The drive to improve evidence-based criminal justice practices in the states is getting a new boost from the Laura and John Arnold Foundation, which will help five states intensively work on several key justice areas.
The Houston-based foundation is giving $2.4 million to two national organizations that represent state governments, the National Criminal Justice Association and the National Governors Association, to take part in the first phase of “in-depth planning and implementation assistance” over the next several years.
As many as 20 teams assembled by governors’ offices will explore “key areas of reform” this fall in the areas of pretrial reform, re-entry and offender recidivism, mental health and substance abuse, reducing incarceration, and information-sharing and integration of evidence-based practices across the justice system.
Based on the results of those discussions, five states will be selected for more detailed work in the coming years. The states may choose to work in as many of the specified reform areas as they wish.
The new project may end up overlapping with the “justice reinvestment” program being promoted by the U.S. Justice Department and Pew Charitable Trusts in 27 states. Justice reinvestment aims to “manage and allocate criminal justice populations in a more cost-effective manner, and reinvest savings in strategies that can hold offenders accountable, decrease crime, and strengthen neighborhoods.”
Some other state-based organizations already are working in areas covered by the Arnold initiative. Last week, the Council on State Governments and other groups convened a national summit on the issue of how to better handle the many mentally ill people who find themselves in the justice system. (The Crime Report described that effort last week.)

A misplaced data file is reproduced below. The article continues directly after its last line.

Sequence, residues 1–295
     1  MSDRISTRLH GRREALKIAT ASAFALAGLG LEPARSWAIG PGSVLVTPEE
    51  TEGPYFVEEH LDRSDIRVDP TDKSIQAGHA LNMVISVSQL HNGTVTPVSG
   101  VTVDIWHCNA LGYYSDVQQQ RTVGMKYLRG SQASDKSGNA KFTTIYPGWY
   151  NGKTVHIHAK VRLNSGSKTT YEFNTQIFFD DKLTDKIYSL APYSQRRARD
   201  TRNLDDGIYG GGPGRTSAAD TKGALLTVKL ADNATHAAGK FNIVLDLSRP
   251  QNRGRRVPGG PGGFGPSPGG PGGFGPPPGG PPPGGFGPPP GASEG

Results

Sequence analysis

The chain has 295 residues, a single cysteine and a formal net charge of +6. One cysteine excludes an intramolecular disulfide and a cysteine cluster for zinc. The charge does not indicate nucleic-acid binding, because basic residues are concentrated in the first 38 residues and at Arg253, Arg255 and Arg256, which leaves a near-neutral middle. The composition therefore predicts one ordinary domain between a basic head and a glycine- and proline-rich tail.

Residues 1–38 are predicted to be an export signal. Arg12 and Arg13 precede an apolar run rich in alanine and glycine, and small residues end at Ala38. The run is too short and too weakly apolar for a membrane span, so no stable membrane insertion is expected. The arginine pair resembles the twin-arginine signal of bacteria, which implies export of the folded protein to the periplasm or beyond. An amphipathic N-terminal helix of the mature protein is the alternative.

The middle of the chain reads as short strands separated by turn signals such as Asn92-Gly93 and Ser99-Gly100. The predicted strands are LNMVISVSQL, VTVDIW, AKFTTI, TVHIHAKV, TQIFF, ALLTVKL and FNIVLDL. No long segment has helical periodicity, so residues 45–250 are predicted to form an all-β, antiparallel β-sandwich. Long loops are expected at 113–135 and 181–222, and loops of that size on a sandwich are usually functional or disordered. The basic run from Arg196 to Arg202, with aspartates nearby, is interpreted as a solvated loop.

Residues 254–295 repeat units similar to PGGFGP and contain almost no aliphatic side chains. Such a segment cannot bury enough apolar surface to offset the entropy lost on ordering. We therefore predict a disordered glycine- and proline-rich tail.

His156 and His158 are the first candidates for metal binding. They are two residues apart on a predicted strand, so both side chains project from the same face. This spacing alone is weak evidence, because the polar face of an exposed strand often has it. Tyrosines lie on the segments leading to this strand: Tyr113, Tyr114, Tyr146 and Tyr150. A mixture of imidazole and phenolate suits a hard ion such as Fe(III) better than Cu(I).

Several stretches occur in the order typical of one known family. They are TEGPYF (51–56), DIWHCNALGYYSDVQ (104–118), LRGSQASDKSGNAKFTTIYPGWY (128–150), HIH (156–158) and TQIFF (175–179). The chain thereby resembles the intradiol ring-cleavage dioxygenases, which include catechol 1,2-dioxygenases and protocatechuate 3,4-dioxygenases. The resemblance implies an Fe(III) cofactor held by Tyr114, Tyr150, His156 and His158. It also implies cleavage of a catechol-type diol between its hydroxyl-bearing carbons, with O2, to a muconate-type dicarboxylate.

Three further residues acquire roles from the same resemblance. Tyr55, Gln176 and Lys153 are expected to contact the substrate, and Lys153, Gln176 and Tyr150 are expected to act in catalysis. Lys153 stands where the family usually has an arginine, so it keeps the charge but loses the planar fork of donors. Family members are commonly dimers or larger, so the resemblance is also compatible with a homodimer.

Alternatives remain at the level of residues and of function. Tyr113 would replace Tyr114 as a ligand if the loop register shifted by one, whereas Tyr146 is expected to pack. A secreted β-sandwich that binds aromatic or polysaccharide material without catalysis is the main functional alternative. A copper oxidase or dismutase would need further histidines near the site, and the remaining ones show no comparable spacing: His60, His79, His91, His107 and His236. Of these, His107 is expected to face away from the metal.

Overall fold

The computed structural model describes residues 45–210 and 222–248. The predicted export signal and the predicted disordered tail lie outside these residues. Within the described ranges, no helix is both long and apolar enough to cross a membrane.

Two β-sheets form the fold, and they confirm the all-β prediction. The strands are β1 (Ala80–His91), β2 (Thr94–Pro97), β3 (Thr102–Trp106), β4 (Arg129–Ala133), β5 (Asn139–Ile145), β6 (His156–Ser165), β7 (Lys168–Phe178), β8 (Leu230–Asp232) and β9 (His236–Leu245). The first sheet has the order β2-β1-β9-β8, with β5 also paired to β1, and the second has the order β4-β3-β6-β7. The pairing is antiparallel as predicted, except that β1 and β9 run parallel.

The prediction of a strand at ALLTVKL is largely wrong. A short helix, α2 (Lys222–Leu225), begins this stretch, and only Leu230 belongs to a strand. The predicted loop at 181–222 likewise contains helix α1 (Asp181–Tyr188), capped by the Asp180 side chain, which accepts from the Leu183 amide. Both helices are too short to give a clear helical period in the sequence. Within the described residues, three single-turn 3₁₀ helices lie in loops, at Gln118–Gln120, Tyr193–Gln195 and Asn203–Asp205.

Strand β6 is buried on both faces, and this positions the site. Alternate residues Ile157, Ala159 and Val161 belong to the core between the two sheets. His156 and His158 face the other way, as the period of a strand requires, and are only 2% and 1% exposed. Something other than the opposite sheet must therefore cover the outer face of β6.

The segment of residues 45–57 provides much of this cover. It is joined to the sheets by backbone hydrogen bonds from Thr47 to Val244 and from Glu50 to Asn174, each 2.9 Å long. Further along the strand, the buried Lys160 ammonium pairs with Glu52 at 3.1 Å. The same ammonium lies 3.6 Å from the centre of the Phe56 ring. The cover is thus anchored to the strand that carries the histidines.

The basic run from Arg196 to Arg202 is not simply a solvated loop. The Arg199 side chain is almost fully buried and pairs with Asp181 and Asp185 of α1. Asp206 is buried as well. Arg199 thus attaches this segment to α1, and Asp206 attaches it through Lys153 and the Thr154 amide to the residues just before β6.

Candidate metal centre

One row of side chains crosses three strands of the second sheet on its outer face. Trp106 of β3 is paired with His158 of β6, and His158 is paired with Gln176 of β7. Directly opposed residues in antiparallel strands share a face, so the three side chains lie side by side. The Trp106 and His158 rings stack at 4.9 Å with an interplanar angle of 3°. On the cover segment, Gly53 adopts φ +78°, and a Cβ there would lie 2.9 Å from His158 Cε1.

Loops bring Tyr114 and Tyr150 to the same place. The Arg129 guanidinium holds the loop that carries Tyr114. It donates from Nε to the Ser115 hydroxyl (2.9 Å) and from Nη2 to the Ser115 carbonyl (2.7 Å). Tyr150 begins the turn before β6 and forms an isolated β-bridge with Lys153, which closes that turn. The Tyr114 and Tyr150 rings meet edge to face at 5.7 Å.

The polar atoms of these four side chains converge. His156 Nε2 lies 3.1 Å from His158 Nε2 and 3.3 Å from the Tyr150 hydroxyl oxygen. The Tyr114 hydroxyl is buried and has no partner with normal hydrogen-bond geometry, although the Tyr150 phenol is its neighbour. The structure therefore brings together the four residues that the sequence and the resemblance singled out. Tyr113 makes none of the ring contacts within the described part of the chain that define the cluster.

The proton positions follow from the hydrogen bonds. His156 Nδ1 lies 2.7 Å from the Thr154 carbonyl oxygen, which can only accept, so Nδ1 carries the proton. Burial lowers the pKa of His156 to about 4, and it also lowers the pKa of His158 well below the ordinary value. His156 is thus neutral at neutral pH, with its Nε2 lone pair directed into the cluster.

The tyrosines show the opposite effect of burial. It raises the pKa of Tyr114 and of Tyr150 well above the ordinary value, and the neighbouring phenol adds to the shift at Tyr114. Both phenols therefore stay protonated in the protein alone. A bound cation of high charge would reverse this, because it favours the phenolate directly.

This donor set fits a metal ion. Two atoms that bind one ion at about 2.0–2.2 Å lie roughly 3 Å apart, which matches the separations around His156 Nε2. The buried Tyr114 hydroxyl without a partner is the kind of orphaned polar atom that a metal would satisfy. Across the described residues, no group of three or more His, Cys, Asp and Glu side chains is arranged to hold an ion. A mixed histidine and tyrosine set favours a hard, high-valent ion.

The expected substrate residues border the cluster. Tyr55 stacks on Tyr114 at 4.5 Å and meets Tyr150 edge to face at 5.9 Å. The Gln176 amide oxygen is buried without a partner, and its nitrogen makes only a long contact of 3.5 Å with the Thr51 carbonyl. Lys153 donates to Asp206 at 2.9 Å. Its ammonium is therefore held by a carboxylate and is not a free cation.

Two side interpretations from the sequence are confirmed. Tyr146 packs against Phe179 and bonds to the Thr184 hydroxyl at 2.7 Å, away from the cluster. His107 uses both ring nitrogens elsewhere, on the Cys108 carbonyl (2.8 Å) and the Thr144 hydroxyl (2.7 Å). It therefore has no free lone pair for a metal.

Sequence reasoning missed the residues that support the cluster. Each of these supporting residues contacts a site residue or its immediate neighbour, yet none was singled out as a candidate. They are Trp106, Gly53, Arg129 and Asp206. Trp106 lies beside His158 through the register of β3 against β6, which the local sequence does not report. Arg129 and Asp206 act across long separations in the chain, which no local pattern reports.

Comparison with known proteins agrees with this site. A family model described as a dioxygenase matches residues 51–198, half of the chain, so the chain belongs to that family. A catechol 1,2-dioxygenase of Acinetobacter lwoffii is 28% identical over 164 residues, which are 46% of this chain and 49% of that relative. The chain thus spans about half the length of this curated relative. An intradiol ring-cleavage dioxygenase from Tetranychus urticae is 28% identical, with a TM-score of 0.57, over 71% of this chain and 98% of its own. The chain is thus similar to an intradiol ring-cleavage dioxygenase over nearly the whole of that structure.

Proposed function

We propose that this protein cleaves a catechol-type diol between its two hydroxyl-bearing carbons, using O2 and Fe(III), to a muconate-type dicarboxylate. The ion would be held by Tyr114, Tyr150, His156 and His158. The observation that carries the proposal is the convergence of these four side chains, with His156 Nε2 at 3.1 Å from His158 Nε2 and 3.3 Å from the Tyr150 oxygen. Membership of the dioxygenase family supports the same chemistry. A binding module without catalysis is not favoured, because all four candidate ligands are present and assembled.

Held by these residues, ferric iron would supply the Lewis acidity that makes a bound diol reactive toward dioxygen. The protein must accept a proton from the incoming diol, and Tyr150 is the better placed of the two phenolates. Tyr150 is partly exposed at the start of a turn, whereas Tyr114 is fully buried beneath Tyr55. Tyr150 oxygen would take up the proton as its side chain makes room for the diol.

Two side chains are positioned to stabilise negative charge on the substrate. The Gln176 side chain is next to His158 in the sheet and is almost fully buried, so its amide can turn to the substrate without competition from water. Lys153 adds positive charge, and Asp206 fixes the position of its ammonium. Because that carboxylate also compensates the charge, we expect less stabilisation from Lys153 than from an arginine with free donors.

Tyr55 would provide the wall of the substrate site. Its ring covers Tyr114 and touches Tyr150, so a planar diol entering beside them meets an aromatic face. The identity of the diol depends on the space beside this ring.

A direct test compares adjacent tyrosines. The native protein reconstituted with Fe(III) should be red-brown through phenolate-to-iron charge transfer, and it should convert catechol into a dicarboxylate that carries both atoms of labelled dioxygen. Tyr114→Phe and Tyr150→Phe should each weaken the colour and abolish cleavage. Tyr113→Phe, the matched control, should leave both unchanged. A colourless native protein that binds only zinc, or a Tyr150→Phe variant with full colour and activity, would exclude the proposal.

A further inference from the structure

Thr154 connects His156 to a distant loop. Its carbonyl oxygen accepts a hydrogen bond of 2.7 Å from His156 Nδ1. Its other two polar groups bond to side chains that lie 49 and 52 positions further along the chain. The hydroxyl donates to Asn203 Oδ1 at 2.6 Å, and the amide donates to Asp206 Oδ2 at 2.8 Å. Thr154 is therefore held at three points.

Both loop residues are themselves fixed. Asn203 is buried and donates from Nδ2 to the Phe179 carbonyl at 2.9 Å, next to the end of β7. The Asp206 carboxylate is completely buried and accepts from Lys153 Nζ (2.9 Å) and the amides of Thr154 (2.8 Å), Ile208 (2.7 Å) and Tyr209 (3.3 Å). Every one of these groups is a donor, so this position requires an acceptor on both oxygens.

The Arnold-funded effort differs from justice reinvestment by having state governors take the lead in proposing reforms and not have them suggested by outside entities.
A primary goal of the project is to encourage “data-driven strategic planning for the long run,” said Cabell Cropper, executive director of the Washington, D.C.,-based National Criminal Justice Association, which is taking the lead along with the governors’ organization.
The new project does not cover all major criminal justice functions. Policing is not included, primarily because it is mostly a local government function.
Last week, the Arnold Foundation announced that Matt Alsdorf would succeed Anne Milgram directing its criminal justice program, which dates from 2011. Alsdorf has helped oversee development of the pretrial risk assessment tool that the foundation said is being used or adopted in more then 30 places.
Ted Gest is president of Criminal Justice Journalists and Washington Bureau Chief of The Crime Report. He welcomes comments from readers.